A final note:  When I am stressing about something it’s almost always because I’m reaching too far into the future and feeling concerned about it.  It helps to bring yourself back to “right now” by asking yourself “Am I okay right now?”  If the answer is yes, then feel gratitude and stay with that feeling for as long as you can.  Because right now is all we have.  90% of the things we worry about never happen.

If you would like my help with getting through breast cancer in an inspiring and ultra-healthy way, please sign up for my free e-newsletters on the right, or “like” me on Facebook (Marnie Clark, Breast Health Coach).  It is my honor to help you through this.

Your Emotional Health Is Important When You’re Going Through Breast Cancer

Photo courtesy of rgbstock.com and Zela

Photo courtesy of rgbstock.com and Zela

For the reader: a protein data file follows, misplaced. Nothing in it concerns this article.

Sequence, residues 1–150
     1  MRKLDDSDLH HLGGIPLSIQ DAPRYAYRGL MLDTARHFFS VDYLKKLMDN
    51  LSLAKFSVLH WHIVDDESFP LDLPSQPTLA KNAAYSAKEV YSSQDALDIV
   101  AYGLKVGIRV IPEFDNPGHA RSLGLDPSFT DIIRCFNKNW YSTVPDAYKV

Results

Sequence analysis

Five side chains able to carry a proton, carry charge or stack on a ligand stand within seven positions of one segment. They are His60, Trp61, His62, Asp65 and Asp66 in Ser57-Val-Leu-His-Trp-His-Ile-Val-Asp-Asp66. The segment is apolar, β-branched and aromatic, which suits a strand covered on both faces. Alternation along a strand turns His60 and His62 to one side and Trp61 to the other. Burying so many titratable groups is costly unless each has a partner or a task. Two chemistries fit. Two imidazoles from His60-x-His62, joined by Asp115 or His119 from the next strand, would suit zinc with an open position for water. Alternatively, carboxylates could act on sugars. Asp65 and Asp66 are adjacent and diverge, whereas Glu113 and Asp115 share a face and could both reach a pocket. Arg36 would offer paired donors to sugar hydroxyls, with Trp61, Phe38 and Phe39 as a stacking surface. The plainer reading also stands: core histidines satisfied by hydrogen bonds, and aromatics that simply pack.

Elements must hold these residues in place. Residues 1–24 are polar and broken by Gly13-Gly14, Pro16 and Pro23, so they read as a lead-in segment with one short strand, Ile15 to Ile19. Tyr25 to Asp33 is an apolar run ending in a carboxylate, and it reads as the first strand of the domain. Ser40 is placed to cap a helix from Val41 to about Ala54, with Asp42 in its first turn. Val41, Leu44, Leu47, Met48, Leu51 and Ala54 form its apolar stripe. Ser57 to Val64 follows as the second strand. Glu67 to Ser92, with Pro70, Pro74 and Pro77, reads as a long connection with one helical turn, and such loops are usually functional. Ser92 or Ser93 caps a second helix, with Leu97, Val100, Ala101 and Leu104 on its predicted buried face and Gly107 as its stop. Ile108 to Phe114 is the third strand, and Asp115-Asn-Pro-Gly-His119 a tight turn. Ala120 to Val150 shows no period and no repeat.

Understanding how our emotional health impacts our physical selves was something that I really wanted to grasp when I was going through the breast cancer journey.  Being a massage therapist, I knew the two were inter-related and important.

Repressed Emotions Can Be Detrimental

One of my favorite authors, Dr Bernie Siegel, was a wonderful source of information to me and helped me understand how our emotional health impacts our physical health.

In his book Love Medicine & Miracles, Dr Siegel shared the importance of expressing your emotions when cancer is diagnosed.  He said that feelings of anger and rage are usually well founded and must not be repressed.  Dr Siegel stated “Unexpressed feelings depress your immune response.”  He went on to say that the people who show and express how they feel “survive adversity better than those who are emotionally constricted.”

Dr Siegel discussed a 1979 study by Leonard Derogatis and Martin Abeloff, John Hopkins Medical School, who studied 35 women with breast cancer and found that those who lived longer were much more expressive in their anger, fear, guilt and depression as compared to those women who suppressed their emotions.

This illustrates how much repressed emotions are injurious not only for your mental health but also your physical health.  Emotional honesty not only improves your health, but also helps you to receive better quality of care from your family and your health care providers.